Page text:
I don’t need some cis, white, and (statistically most likely) het and middle-class boy with severely lacking reading comprehension (id est: YOU) trying to ‘splain to me how bad I hurt his precious “feels”. especially seeing as how you’re so painfully stupid you can’t even make a proper reply on my blog (pro tip: if you’re responding to the main post, as you clearly are, you gotts scroll *all the way down* to the bottom of the page and make your reply in the BIG box, don’t just hit any “reply” link and make an irrelevant response to another comment).

  2. Being part of a minority Pagan religion has really helped me understand privilege, because I get to watch the discussions from outside of the group being labeled with the term. I’m a white cisgender male, so it’s been a refreshing experience for me.

    Curiously, now that I have a fuller understanding of how the word is used, I find it even less useful than I did when I only heard it applied to me.

    A word that causes people to stop listening and start shouting isn’t one that is solving more problems than it is causing. We can always find ways to piss each other off, but can we find ways to actually communicate? Because I for one would rather not be part of a minority that largely feels it can only be noticed by being angry. Sure, it gets us attention, but at some point in my life it occurred to me that negative attention is not, in fact, as good as positive attention.

    • Mind if I ask what you’re going on about? I mean, it’s great that you don’t find it it useful, but clearly others do, and simply “seeming angry” isn’t an argument that’s going to sway people to your ideas.

  3. You have every right to define yourself. But I have the right to not accept the labels you decide to put on me and mainstream Pagans. I don’t need your labels on me, just as you don’t need others’ labels on you. But if all you want to do is attack others, then go ahead and play that game, ’cause it doesn’t really impress anyone.

    • The fact that you don’t see how “Mainstream paganism = Wiccanate neopaganism” is a HUGE part of the problem speaks VOLUMES. I’m not attacking you any more than trans people attack Zsuzsana Budapest by calling AFAB women “cisgender”.

  4. I never said that Wiccans and mainstream Pagans don’t have privilege. I recognize that we do. We have tons of it under the Pagan religions umbrella. However, my rejection of your choice of labels is not about the issue of privilege, even if you want to make it so. The issue I have is your need to constantly resort to ridicule and to demean those who dialog with you. It doesn’t help your argument to be stronger, but rather it makes it appear weaker than it is.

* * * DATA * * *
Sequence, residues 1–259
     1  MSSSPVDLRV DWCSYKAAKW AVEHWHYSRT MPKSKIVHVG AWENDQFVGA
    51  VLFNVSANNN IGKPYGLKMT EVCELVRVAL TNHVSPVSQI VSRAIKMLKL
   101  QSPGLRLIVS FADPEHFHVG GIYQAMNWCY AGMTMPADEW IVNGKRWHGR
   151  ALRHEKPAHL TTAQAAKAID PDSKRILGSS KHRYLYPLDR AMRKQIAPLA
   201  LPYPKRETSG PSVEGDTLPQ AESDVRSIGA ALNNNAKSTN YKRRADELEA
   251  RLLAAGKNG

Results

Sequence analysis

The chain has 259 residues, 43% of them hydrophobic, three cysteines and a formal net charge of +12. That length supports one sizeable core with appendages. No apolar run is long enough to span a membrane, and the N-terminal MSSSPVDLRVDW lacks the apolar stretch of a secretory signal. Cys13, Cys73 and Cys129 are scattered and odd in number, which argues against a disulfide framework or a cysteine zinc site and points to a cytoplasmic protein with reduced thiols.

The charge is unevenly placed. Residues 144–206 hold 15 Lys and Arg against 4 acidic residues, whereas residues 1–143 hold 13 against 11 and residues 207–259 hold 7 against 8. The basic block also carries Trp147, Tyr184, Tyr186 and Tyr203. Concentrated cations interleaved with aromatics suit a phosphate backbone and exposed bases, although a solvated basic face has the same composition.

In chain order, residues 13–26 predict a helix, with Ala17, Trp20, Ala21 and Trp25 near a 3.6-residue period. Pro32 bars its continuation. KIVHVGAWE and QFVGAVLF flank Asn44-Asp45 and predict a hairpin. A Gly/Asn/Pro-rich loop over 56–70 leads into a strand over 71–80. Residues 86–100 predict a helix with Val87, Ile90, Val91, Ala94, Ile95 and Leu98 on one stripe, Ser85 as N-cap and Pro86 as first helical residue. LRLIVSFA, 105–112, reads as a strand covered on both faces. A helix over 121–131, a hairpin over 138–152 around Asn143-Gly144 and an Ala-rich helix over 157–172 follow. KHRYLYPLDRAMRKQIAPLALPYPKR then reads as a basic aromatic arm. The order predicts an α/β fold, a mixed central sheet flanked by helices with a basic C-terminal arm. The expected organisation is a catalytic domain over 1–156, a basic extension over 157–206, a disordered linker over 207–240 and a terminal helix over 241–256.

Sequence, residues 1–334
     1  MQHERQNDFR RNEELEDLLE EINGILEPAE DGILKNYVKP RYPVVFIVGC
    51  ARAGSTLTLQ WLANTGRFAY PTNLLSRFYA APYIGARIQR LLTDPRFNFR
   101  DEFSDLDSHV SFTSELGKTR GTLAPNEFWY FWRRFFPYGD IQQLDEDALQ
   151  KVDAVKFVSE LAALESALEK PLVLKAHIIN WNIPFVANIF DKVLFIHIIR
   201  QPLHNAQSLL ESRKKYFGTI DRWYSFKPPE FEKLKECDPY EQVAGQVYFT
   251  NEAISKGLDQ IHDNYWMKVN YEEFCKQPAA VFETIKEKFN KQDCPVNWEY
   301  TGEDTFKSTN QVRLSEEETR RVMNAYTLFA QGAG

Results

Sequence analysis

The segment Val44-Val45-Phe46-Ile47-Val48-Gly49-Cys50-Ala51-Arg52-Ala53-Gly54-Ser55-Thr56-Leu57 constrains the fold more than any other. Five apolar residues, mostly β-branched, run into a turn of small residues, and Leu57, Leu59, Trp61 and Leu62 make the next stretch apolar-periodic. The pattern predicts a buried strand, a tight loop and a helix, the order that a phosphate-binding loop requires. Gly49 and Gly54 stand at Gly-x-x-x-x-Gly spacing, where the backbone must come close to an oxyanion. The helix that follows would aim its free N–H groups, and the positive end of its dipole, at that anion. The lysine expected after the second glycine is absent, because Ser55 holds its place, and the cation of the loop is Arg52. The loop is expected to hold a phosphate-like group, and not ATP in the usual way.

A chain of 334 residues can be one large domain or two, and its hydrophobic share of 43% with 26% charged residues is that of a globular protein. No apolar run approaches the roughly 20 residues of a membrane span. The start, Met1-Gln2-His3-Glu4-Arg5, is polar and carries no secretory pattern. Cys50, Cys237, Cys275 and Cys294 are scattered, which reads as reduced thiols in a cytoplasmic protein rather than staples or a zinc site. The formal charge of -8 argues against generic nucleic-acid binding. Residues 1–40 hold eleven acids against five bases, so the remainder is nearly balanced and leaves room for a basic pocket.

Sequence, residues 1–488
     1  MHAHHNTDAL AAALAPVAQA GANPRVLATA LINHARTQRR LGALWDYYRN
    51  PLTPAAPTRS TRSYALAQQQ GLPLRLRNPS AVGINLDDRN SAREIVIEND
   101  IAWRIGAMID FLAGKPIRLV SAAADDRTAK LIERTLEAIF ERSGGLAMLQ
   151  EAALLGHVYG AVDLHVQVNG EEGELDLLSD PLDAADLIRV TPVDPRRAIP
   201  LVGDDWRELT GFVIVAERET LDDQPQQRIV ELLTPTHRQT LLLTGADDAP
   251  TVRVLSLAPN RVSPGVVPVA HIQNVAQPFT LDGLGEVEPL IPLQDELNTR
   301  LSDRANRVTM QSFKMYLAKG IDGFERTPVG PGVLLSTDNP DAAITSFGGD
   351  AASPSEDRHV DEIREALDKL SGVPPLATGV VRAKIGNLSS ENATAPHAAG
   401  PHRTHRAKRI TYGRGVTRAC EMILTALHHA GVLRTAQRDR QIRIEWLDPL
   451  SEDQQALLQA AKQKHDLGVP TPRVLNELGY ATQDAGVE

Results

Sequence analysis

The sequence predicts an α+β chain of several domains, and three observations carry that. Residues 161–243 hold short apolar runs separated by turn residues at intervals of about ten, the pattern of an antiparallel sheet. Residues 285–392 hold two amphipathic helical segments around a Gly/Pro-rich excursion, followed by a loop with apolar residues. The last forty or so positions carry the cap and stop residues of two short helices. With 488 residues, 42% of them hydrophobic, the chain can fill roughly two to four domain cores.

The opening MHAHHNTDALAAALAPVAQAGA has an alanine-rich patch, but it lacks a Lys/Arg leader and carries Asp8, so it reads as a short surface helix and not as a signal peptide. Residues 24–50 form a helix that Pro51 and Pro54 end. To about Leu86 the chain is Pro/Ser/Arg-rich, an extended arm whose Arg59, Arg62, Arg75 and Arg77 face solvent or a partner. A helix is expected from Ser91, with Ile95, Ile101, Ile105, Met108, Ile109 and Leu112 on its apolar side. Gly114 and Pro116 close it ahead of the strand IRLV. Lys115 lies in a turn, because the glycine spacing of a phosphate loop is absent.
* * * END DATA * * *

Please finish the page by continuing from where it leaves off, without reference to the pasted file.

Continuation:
• Let me see if your fragile, albeit clearly gigantic ego can handle this truth: You are not everyone. You’re not even everyone who has disagreed with me on this topic, and at least one other person replying to this post has clearly disagreed with me on the matter.

      So let’s examine what it is about the situation that has led you to believe that I “ridicule and demean” those who disagree with me. Could it be because that’s arguably how I’ve responded to you? Is there anything about your comments in particular that may have provoked such a response from myself? I would say Yes and Absolutely yes.

      Maybe I’m not the problem? Maybe the problem is you?

  5. I never said I was everyone or that my opinion encompasses all. You see, that’s what I mean by your building a strawman. And whether I provoke or not provoke, that isn’t me. You are responsible for your responses, I won’t own that. So, what will you own concerning your actions? Probably nothing at all. And so it goes on…

    • Actually, you said very clearly that I belittle those who disagrees with me, when that’s not true –I’ve only been doing that with you.

      Do you even know what a strawman argument is? Cos that’s not how you used it the first time. That’s not even applicable to this instance.

    • Or rather, you *exactly* said:

      The issue I have is your need to constantly resort to ridicule and to demean those who dialog with you. [source]

      …and as I said, the fact of the matter is that I’ve only treated YOU that way, ergo, either a) you’re too stupid or self-absorbed to read other perfectly public-accessable dialogues I’ve had with other people and judge them fairly, and thus assume your own (comparitively) unique experience to be my standard M.O., or b) you more literally think you’re “everyone”. Either way, it’s stupid and solipsistic an assumption that is yours and yours alone.

      Furthermore, your claim that one’s actions is one’s and one’s alone would be cute, if it were true. Tghe fact of the matter is, we provoke things in others every day, with every interaction we have with others. To assume one only acts and that the actions and words of others had no part to play in that, is to grossly betray your own privilege in many matters. Let me guess, do you also think that trans people who get angry at the tiniest hint of being misgendered are overreacting for no reason?

      If someone treats you like you’re stupid, chances are good that you only have YOURSELF to blame for that. If you think otherwise, just cry your cis het whiteboy tears at someone else, maybe try the trilby-wearing anti-feminist LOLbertarians over on Reddit.